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Dear Friends and Neighbors,

CentraCare care givers have been working around the clock for more than 20 months to care for you, your families and friends during COVID. We are committed to caring for every Minnesotan who needs us, and nothing will prevent us from doing so – even during these never-seen-before times.

The challenge of providing this level of care is that our hospital beds are often full. ERs in all of our hospitals are packed. And our clinical teams are exhausted. Early in the pandemic, our community stepped up in amazing ways to help us. We ask that you again join us in fighting this pandemic together.

How can you help?

  • Please get your COVID vaccines and booster shots. They are proven safe and effective in reducing COVID illness, keeping people out of the hospital, and preventing death.
  • If your situation is not an emergency, please use other care options, including:
  • If this is a medical emergency, call 9-1-1, or visit the ER.

Together, we can do this. Thank you for your support.

Ken Holmen, MD
President and CEO

Is there a link between depression and refined carbohydrates?

Published in Heart & Vascular, Mental Health, For the Health of It Author: Kathleen Mahon, RN, MN, CNP, APHN

According to a study by Columbia Medical Center in 2015, a diet high in refined carbohydrates may lead to an increased risk for new-onset depression in postmenopausal women. 

Highly refined carbohydrates such as white bread/pasta, white rice, crackers, cookies and soda increase blood sugar and trigger a hormonal response in the body to reduce blood sugar levels. This response also may result in mood changes, fatigue and other symptoms of depression.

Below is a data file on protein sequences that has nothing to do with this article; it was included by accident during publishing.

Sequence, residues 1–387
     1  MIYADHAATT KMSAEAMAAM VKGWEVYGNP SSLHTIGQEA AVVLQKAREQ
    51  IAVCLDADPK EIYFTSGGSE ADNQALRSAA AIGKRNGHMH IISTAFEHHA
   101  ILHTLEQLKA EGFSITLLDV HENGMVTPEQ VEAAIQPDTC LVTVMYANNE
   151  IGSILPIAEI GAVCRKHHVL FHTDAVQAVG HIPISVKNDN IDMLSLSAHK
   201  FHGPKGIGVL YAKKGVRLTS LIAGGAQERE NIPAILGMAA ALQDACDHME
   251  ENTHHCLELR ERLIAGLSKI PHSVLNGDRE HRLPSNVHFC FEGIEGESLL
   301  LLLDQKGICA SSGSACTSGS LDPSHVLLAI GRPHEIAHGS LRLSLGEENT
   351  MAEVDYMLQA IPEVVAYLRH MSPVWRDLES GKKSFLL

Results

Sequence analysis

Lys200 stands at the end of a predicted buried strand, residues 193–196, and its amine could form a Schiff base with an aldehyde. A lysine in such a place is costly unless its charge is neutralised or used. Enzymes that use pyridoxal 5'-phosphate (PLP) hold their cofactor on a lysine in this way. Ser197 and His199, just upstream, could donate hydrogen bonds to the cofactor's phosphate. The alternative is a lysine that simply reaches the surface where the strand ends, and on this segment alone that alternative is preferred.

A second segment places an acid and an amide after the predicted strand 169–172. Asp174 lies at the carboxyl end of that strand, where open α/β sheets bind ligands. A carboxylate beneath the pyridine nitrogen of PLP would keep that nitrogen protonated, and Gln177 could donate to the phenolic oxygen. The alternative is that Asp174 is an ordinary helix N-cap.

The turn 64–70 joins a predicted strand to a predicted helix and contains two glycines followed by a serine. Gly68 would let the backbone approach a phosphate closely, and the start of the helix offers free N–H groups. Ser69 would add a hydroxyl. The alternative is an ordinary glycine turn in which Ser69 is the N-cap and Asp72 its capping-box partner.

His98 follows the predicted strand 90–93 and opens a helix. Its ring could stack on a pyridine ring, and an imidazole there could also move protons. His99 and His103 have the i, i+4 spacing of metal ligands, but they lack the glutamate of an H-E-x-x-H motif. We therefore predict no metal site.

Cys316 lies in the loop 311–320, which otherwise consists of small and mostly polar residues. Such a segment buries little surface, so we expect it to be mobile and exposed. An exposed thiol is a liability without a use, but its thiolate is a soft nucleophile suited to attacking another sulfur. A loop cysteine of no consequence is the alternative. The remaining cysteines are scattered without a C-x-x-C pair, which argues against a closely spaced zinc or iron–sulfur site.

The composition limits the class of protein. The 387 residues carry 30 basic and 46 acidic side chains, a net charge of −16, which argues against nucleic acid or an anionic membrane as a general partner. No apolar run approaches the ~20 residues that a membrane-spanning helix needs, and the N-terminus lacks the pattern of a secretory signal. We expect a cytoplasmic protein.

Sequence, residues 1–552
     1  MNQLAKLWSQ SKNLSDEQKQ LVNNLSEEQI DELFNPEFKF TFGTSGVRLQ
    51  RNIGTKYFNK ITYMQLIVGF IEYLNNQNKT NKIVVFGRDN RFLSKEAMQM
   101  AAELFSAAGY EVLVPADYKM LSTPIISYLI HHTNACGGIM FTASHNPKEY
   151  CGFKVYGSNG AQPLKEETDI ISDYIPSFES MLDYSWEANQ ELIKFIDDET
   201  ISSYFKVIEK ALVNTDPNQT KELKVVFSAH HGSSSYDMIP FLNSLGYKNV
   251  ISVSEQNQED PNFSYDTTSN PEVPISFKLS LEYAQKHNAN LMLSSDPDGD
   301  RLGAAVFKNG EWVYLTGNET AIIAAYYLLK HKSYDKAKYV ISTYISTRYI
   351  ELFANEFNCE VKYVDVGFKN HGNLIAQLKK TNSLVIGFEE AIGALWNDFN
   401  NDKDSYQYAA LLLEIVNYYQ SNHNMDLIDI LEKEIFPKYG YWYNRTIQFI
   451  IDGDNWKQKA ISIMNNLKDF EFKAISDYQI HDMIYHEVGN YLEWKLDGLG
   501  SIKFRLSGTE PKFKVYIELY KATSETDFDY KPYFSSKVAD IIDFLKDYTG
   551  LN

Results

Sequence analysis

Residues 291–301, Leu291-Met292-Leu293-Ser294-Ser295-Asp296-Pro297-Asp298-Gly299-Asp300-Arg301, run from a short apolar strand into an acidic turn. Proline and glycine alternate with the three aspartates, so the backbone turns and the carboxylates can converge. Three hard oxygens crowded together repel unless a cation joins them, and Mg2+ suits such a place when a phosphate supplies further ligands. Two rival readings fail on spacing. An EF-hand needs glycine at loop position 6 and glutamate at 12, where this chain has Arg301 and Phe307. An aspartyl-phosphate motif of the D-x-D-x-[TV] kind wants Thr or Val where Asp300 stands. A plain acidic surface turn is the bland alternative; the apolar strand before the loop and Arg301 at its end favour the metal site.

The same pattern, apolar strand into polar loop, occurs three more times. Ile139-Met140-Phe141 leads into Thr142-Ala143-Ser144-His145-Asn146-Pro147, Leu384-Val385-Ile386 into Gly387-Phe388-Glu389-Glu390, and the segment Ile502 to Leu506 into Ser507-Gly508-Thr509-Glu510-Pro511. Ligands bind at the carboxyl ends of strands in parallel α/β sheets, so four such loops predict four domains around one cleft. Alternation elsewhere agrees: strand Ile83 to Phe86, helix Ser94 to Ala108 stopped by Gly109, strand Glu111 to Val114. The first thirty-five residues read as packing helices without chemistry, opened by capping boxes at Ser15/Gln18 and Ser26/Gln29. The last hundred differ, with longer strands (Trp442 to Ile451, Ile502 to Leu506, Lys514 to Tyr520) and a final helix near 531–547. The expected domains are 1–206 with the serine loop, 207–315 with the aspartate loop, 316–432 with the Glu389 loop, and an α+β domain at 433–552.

The researchers found that progressively higher consumption of added sugar and refined grains was linked with new-onset depression. However, greater consumption of dietary fiber, whole grains, vegetables and fruit was associated with a decreased risk. This suggests that a healthy diet low in refined carbohydrates could serve as a treatment and preventive measure for depression. 

So if you are feeling a little “blue,” take a look at your diet. Start thinking of food as a medicine. The only side effect is better physical and mental health!

Foods to help maintain mental health

  • Beta-carotene: apricots, broccoli, cantaloupe, carrots, collards, peaches, pumpkin, spinach and sweet potato
  • Vitamin C: blueberries, broccoli, grapefruit, kiwi, oranges, peppers, potatoes, strawberries and tomato
  • Vitamin E: margarine, nuts and seeds, vegetable oils, wheat germ
  • Complex carbs: whole grains and legumes
  • Healthy proteins: beans and peas, lean beef, low-fat cheese, fish, milk, poultry, soy products and yogurt
  • Omega-3s: flaxseed, canola and soybean oils, nuts (especially walnuts) and dark green, leafy vegetables